Overcoming adversity en route to success
Like any individual success story, however, there have been growing pains for Baldwin.
After OPRF finished an uncharacteristically poor 11-22 in 2010 and 16-16 in 2013, Baldwin played a major role her senior year as the pitching staff’s ace and a solid hitter during the Huskies’ resurgent 2014 campaign. OPRF finished 27-10 with a supersectional appearance, sectional/regional titles and a runner-up showing in the West Suburban Conference Silver Division.
During that satisfying season, Baldwin also pitched her first perfect game with nine strikeouts during an 11-0 win over Hinsdale Central.
Accomplishments aside, Baldwin provided intangibles like leadership and determination which fostered a positive team dynamic.
"She's the sunshine on our team," Kolbusz said during an interview that season. "She'll be sitting next to me in the dugout and something bad will happen and I'll be like, 'oh, no.' And she will say, 'but coach, we're going to get out of it.'"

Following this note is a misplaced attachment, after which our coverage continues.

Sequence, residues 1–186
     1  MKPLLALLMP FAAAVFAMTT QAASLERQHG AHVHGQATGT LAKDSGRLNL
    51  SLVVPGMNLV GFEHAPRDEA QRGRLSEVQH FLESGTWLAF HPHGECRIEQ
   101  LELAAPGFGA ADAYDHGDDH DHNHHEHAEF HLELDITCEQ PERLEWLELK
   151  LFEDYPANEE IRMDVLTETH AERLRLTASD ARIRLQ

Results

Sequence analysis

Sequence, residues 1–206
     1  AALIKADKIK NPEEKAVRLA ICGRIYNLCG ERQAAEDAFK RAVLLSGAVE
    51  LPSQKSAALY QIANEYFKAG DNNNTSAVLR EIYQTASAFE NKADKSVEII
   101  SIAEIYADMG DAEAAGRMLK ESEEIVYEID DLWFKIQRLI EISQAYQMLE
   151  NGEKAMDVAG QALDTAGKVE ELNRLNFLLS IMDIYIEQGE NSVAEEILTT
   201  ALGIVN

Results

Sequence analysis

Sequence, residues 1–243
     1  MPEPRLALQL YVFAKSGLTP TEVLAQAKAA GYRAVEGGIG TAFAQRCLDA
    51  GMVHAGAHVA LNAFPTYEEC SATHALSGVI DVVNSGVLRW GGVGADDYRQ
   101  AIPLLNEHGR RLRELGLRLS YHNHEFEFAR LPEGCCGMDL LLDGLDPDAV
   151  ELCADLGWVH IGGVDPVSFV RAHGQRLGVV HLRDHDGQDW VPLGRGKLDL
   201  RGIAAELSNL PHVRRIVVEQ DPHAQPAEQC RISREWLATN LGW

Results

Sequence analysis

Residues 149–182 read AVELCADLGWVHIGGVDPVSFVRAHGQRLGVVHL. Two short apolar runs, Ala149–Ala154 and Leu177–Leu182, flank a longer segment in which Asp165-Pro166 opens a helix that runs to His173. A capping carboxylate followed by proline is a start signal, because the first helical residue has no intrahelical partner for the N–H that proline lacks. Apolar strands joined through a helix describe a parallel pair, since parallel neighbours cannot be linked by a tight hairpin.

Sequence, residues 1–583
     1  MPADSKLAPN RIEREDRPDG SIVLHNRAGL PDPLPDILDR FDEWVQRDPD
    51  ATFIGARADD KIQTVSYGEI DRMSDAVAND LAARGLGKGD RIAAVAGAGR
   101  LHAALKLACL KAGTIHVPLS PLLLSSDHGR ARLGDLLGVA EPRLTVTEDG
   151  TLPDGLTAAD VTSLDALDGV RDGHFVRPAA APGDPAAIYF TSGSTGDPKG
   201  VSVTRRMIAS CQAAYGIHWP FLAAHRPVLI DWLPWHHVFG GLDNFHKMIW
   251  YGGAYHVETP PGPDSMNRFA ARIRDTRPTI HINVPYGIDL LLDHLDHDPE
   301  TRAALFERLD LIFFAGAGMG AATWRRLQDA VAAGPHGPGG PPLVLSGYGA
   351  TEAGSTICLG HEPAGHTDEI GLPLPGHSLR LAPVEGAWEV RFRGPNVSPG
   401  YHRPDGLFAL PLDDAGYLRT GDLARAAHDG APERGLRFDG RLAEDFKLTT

“Emma gets all the tough games. too. If we have a big game, she's going to pitch. She's improves every year. Emma is really composed and nothing ruffles her on the mound. She has all the pitches and is just a really tough kid."
This past spring, Kolbusz guided the Huskies sans Baldwin to a scintillating 33-4 record and third-place finish in Class 4A state playoffs. Although Baldwin was gone, she certainly was not forgotten.